From Eagleton's Literary Theory:
"That any such transcendental meaning is fiction--though perhaps a necessary fiction--is one consequence of the theory of language I have outlined" (114).
When I was in high school, I remember going over transcendentalism but I cannot remember it at all. Every time I run across the word, I mean to look it up. This time, however, I'm not going to let it fall through the cracks!
According to www.merriam-webster.com, to transcend means:
1 a: exceeding usual limits : surpassing b: extending or lying beyond the limits of ordinary experience cin Kantian philosophy : being beyond the limits of all possible experience and knowledge2: being beyond comprehension
The definition makes sense because the prefix trans means, according to dictionary.com “across,” “beyond,” “through,” and a few other meanings that I found not applicable. The suffix "scend" means to "climb." So by putting the two together, you get to climb through or to climb beyond. I think that reflects the definition well.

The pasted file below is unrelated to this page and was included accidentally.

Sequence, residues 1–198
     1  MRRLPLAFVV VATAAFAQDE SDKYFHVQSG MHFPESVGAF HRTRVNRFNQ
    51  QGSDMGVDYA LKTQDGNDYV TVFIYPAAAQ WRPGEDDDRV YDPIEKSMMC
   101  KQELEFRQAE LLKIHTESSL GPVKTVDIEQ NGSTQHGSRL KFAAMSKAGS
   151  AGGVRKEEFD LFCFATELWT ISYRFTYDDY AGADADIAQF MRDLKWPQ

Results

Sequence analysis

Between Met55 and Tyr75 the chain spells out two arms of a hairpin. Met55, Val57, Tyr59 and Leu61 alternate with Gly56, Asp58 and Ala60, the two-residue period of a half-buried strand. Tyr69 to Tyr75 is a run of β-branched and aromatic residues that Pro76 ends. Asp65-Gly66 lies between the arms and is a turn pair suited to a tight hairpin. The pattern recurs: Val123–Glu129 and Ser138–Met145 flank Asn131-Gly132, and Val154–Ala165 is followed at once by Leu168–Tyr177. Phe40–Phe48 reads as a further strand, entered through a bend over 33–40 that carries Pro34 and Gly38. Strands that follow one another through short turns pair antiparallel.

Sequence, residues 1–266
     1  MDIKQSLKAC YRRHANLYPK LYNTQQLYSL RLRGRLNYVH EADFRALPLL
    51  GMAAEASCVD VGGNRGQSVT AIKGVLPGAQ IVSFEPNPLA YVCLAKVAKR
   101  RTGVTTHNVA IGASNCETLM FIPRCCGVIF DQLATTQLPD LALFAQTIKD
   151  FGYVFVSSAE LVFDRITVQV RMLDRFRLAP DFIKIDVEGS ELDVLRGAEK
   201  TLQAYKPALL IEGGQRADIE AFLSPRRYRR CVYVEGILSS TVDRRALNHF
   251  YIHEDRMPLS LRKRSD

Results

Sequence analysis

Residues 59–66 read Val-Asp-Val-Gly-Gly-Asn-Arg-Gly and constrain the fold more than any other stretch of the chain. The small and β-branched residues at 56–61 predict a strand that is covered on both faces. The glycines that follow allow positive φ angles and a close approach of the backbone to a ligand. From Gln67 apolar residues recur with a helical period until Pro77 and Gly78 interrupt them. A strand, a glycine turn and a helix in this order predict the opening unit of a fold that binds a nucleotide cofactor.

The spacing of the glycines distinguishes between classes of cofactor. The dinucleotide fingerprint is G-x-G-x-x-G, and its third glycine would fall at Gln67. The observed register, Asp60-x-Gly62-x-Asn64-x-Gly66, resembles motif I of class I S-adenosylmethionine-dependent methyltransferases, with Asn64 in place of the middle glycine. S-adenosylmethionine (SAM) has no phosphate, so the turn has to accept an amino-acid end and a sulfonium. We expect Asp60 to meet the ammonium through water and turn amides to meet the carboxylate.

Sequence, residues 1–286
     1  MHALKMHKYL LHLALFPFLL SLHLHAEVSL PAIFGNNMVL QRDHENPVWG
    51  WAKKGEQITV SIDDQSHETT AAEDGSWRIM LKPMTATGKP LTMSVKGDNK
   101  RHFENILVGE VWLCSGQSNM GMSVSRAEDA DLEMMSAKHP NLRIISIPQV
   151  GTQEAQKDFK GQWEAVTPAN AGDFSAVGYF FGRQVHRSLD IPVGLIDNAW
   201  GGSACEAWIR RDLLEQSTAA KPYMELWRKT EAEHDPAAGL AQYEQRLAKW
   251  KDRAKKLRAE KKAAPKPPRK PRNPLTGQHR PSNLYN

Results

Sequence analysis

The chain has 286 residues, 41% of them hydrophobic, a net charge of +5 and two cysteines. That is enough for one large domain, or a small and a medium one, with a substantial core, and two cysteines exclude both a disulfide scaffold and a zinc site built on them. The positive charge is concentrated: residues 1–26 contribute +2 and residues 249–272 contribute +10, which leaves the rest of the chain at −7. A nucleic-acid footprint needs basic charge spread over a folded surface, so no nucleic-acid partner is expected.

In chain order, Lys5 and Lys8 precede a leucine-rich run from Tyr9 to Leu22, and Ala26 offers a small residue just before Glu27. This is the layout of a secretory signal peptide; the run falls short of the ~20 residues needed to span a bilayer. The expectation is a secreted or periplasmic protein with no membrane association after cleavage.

Then there is the literary movement called "transcendentalism," which I think we can all benefit from knowing. Merriam-webster said it was:
1: a philosophy that emphasizes the a priori conditions of knowledge and experience or the unknowable character of ultimate reality or that emphasizes the transcendent as the fundamental reality
I don't know about you, but that does not help too much. Next I went to wikipedia where I pretty much learned that transcendentalism was a rebellion against the Unitarian Church. It seemed to be a movement that practiced self-reliance and was strictly founded in the spiritual world. Their beliefs went beyond actual experiences and the church and seemed to focus a lot on nature. Ralph Waldo Emerson and Henry David Thoreau are the two most famous transcendentalists.
What do you think? Do you have anything to add?